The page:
Latest In

News

At A United Nations Conference, Pakistan To Seek For $16 Billion To Help Recover The Country After Devastating Floods

In what is being called a crucial test case for who pays for climate catastrophes, Pakistan and the United Nations are hosting a big summit in Geneva on Monday for Pakistan to seek for $16 billion after devastating floods to rebuild the nation.

Hajra Shannon
Jan 10, 2023389 Shares43209 Views
In what is being called a crucial test case for who pays for climate catastrophes, Pakistan and the United Nations are hosting a big summit in Geneva on Monday for Pakistan to seek for $16 billion after devastating floodsto rebuild the nation.
A calamity in September of last year caused by record monsoon rains and melting glaciers was attributed to climate change and resulted in the displacement of around 8 million people and the deaths of at least 1,700.
Despite the fact that the flood levels have subsided, millions more people may fall into poverty when rebuilding work to repair millions of houses and hundreds of kilometers of roads and railway begins.
Islamabad will offer a recovery "framework" during the meeting, with Prime Minister Shehbaz Sharif at the helm. Other speakers include UN Secretary General Antonio Guterres and French President Emmanuel Macron.

UN Secretary General Plead For Aid

Opening the summit, U.N. Secretary-General Antonio Guterres made an emotional appeal for relief on behalf of the millions of Pakistanis whose lives and livelihoods had been thrown into disarray by the calamity.
More than six months after the floods, he said, one-third of Pakistan was still under water, calling the situation a "climate disaster of monumental scale."
A terrifying wall of water killed more than 1,700 people, injured thousands more, and affected a total of more than 33 million, displacing eight million people. It swept over roads, ruined millions of acres of agricultural land, and damaged or destroyed two million homes.- Antonio Guterres, U.N. Secretary-General
He said that nine million more individuals have been brought to the edge of poverty and that these people need and deserve international assistance.
Guterres elaborated that Pakistan, which contributed less than one percent of global emissions, was not responsible for the climate problem but was one of its largest sufferers. He said that countries on the front lines of the climate calamity need significant help.

Flood Response Plan for Pakistan - UN Chief message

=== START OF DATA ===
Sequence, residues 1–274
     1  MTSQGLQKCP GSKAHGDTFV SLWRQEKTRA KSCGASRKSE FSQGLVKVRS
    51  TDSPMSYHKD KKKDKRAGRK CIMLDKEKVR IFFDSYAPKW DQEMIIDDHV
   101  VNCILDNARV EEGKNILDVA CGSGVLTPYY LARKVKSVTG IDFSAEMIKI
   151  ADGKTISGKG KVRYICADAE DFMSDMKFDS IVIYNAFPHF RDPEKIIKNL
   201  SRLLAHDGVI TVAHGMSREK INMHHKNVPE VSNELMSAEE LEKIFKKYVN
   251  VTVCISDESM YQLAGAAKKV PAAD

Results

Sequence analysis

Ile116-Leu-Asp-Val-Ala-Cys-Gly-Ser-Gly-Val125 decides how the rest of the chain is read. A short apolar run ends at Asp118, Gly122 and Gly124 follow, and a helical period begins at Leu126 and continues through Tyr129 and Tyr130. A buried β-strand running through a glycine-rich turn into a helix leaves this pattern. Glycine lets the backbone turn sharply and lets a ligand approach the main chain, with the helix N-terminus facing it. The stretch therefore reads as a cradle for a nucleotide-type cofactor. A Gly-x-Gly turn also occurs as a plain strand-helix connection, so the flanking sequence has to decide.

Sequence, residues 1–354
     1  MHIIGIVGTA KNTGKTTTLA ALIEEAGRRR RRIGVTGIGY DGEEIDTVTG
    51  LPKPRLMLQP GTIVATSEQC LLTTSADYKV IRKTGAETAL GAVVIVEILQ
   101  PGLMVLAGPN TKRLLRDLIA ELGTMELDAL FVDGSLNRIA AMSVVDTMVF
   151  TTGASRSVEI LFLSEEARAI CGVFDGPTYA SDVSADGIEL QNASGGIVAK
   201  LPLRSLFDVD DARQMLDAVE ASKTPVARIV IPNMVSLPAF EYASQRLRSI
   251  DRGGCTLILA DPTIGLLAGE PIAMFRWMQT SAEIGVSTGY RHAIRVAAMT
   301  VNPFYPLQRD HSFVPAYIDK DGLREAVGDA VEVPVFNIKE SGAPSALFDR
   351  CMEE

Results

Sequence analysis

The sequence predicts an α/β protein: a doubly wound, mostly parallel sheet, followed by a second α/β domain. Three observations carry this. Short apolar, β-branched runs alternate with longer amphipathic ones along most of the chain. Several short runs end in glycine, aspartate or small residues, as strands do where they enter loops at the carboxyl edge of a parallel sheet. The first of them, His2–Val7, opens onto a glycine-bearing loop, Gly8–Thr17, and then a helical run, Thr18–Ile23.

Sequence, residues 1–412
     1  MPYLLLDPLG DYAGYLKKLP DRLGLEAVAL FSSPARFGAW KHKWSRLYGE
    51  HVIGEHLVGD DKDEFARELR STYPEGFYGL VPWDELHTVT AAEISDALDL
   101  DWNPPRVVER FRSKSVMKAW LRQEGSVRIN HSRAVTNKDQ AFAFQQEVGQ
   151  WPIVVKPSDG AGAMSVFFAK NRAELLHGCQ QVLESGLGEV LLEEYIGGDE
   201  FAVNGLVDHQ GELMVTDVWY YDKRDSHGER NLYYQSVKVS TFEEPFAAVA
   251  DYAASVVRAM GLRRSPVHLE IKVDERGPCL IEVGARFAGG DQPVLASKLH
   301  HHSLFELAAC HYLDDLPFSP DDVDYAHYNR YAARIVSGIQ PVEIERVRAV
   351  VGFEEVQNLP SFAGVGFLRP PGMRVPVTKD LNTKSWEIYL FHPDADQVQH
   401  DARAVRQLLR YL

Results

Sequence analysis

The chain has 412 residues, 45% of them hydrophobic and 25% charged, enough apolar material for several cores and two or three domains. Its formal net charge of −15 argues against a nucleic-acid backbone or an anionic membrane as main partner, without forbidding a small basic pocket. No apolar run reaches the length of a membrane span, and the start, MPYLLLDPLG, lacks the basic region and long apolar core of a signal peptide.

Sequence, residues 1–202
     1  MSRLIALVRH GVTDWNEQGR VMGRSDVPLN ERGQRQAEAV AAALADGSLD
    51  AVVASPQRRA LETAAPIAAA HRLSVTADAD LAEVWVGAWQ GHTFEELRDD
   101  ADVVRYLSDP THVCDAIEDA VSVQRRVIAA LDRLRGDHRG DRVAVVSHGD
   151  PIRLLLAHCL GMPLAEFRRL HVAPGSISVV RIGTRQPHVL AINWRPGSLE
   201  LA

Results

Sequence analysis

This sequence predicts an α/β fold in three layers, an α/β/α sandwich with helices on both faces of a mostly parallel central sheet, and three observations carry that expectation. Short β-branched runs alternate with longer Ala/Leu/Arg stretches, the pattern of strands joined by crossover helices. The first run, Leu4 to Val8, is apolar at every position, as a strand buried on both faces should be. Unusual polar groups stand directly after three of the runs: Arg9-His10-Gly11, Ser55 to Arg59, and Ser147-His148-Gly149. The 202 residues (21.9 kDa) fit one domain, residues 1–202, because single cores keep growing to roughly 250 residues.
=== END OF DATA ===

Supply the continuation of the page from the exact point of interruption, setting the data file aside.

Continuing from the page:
Post Disaster Needs Assessment

A Post-Disaster Needs Assessment conducted in October assessed overall damages and economic losses of over $30 billion, as confirmed by Pakistani Prime Minister Shehbaz Sharif. Over $16 billion is required for repair and robust rebuilding, he added. He stated half of that sum will come from Pakistan's domestic and development budget and the other half would come from foreign help.
I am asking for a sustained international support plan to meet this daunting challenge. I am asking for a new lifeline for people who need to power our economy and re-enter the 21st century with a future that is protected from such extreme risk to human security.- Shehbaz Sharif, Pakistan's Prime Minister
The catastrophic flooding in September, which has been likened to something out of the Bible, has killed more than 1,700 people and displaced at least 8 million, according to government estimates. Thousands upon thousands of kilometers of transportation infrastructure, including roads, bridges, and trains, were also either severely damaged or destroyed. One tenth of Pakistan's GDP was lost, or $30 billion, according to a post-disaster needs assessment (PDNA).
Pakistan was already struggling with food shortages before the accident, and now that situation is becoming worse. According to studies conducted by Save the Children, a staggering 86 percent of flood-affected Pakistani households have lost all sources of income and are thus struggling to put food on the table. The UN Office for the Coordination of Humanitarian Affairs reports that 5.7 million people (3.4 million of them are children) in flood-affected regions are at risk of food insecurity.
Pakistan is one of the most susceptible nations to catastrophic weather events driven by climate change while having the fifth-largest population in the world.
At COP27, the country took the lead in creating a fund to compensate nations that are more susceptible to the effects of climate change and natural catastrophes. Decisions about the fund's administration, its budget, and the recipients of its distributions are all expected to be made during the next climate conference, which will be based on the proposals included in the COP27 final accord.

Countries Pledged For Support

Some governments have responded to this appeal by promising large financial contributions. A hundred million dollars has been pledged by the United States, for instance. Since the middle of August, the United States government has provided Pakistan with approximately $200 million.
The French president, Emmanuel Macron, addressed the conference via video link from Paris, promising to provide more than $300 million for climate adaptation and resilient rebuilding.
Sharif mentioned the $4.2 billion announced by the Islamic Development Bank in Jeddah, Saudi Arabia, as the greatest donation to date.

Final Words

A calamity in September of last year caused by record monsoon rains and melting glaciers was attributed to climate change and resulted in the displacement of around 8 million people and the deaths of at least 1,700.
Despite the fact that the flood levels have subsided, millions more people may fall into poverty when rebuilding work to repair millions of houses and hundreds of kilometers of roads and railway begins.
Jump to
Latest Articles
Popular Articles